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T-28 versus Pz.Kpfw. IV Ausf. F1
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From 16.00 GMT on August 29th to 02.00 GMT on September 1st

+30% RP gain for T-28 and Pz.Kpfw. IV Ausf. F1

Earn up to 200.000 Silver Lions for performing these special tasks:

Destroy 75 player-controlled enemy ground vehicles while driving the Pz.Kpfw.IV Ausf. F1

Destroy 75 player-controlled enemy ground vehicles while driving the T-28


In the second half of the 1920’s the Soviet Union began to develop and eventually introduce the theory of the so-called ‘Deep Battle’ as the main doctrine of war. A feature of this doctrine was the idea of ​​maneuvering in large formations of highly mobile forces, centered around the heavily armoured forces at the core. Within this paradigm, in 1929, the Revolutionary Military Council of the USSR adopted a new command system for motorized forces of the Red Army. According to the plans of the system and the theory of ‘Deep Battles’, it was supposed to equip the armoured forces with two types of vehicles: heavy tanks capable of breaking through enemy defensive lines, and lighter tanks to develop this initial tactical success.

The first type of tanks in the Soviet Union that were designed to support infantry and overcome defensive positions on the battlefield, were the T-28 and the T-35.

The medium multi-turreted T-28 begun development in 1931 at the Experimental Design Mechanical Department (OKMO) machine-building plant "Bolshevik" in Leningrad. The lead designer of the vehicle was Nickolay Valentinovich Zeitz.

One of the main features of this three-turreted tank was the use of an electric drive for the horizontal traverse of the main turret. The prototype, at a weight of 18 tons, brought reasonable maneuverability and was armed with a 45-mm main gun as well as three machine-guns. However, due to the heavy workload of the production plant "Bolshevik", the T-28 with all of its documentation was transferred over to the "Krasny Putilovets" factory, which was later renamed as the "Kirov Plant". The Design Bureau had taken steps to improve the combat capabilities of the T-28, with engineers from Putilovets changing the shape of the turret and mounting a new cannon, the 76.2 mm L-10. Additional changes were made regarding the chassis and transmission compartment, with the weight of the tank increasing significantly - in some versions, e.g. the shielded T-28E, up to 32 tons. As of 1940, about 500 tanks had been produced.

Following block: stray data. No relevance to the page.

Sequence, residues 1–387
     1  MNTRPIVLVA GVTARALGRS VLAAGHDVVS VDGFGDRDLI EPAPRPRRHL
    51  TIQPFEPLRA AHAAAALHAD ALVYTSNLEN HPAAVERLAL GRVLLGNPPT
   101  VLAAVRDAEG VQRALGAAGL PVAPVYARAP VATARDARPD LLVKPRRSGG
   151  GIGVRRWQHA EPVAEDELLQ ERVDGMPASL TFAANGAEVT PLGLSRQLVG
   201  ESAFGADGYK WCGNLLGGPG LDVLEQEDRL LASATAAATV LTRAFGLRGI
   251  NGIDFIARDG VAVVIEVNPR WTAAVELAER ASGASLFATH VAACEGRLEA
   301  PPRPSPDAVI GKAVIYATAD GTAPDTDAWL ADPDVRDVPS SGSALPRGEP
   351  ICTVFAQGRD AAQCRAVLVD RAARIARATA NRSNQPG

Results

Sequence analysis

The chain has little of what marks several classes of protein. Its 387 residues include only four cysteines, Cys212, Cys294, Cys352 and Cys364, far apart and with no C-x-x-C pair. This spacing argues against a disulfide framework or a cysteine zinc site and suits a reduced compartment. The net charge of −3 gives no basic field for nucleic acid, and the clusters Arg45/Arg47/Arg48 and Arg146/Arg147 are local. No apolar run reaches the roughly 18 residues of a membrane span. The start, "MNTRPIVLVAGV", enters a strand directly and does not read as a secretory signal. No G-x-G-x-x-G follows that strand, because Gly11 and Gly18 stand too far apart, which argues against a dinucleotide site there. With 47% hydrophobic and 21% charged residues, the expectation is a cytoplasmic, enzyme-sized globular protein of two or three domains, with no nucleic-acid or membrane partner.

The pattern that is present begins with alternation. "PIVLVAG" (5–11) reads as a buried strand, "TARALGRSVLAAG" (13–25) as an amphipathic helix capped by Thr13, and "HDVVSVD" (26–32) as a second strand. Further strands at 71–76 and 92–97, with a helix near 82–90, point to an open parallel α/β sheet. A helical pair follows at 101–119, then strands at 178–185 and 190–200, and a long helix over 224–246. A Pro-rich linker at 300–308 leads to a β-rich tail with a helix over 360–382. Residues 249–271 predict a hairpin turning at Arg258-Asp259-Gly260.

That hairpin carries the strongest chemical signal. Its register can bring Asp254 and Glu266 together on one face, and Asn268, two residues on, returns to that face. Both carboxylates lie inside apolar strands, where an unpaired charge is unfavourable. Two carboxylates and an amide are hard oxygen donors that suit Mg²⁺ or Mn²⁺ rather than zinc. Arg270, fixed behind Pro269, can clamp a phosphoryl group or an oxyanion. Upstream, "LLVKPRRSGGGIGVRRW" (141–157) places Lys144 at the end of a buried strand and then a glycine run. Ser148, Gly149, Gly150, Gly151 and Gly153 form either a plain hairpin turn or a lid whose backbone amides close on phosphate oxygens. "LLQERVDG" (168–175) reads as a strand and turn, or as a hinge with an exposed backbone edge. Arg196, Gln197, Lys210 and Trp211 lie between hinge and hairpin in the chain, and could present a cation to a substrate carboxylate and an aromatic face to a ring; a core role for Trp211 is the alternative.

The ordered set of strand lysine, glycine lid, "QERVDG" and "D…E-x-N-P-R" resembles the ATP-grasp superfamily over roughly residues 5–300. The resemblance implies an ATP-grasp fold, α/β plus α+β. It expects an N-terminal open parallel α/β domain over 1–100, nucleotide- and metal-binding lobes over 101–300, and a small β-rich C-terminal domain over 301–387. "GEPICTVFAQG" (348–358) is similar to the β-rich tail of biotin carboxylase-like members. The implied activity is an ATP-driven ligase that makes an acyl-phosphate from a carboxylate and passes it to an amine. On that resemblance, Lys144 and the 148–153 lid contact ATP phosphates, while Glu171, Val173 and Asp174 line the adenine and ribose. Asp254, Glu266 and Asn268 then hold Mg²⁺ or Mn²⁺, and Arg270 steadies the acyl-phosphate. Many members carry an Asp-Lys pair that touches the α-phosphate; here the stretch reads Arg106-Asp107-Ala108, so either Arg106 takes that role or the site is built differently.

At the beginning of the war, the T-28 was already hopelessly outdated, although the main armament still was sufficient against all tanks of the German Wehrmacht. The main losses of T-28 were due to the air superiority of the Luftwaffe and its dive bombers, as well as the German 88 mm anti-aircraft gun, capable of destroying any tank of the Red Army.

Pz.Kpfw. IV Ausf. F1

The Pz.Kpfw. IV Ausf. F1 is a modification of Germanys mass-produced Panzerkampfwagen IV, or Sd.Kfz. 161, which was in production between 1937 and 1945, with a total of 8519 vehicles created. Despite being less-well known than famous German war machines like the Tiger or Panther, the Pz.Kpfw. IV was the most important German armoured fighting vehicle in the second part of the war. It’s chassis was also used as a basis for many other German vehicles.

As a medium infantry support tank, the Pz.Kpfw. IV Ausf. F1 was - compared to earlier modifications - equipped with slightly thicker overall armour, which was now as follows: up to 50 mm on the upper frontal hull and frontal turret and up to 30 mm on the turret and hull sides. That way, it offered increased protection against Soviet light tanks and gun positions and increased the vehicles effectiveness when breaching enemy fortified infantry positions.

Main features of this modification besides the increase in armour were the replacement of the single hatch on each side of the turret with a double hatch, as well as an increase in track width from 360 mm to 400 mm. The increased track width was necessary due to the increase in weight to now 22.3 tons.

This type of tank was manufactured by the companies “Krupp”, "VOMAG" and "Nibelungenwerke". The tank was equipped with a 12-cylinder «Maybach HL 120TR» petrol engine with 300 HP, allowing a maximum speed of 42 kph at an operational range of 320 km.

The Pz.Kpfw. IV Ausf. F1 was armed with a 75 mm short-barreled Kw.K. 37 L/24, achieving a muzzle velocity of 385 m/s with armour-piercing projectiles. Most shells of this gun were incapable of penetrating the majority of British and American tanks, not to mention the Soviet T-34 and KV.

Production of the Pz.Kpfw. IV Ausf. F1 was carried out from April 1941 to March 1942, with 462 vehicles produced in total, of which 25 were later upgraded to the long-barreled Pz.Kpfw. IV Ausf F2. In addition to its main gun, the tank was armed with two 7.92 mm MG34 machine guns.

Between 1941 and 1944, the Pz.Kpfw. IV Ausf. F1 participated in battles on the entirety of the Eastern Front. Tanks of this type were assigned to units of the 2nd and 5th Panzer Divisions.

The War Thunder Team

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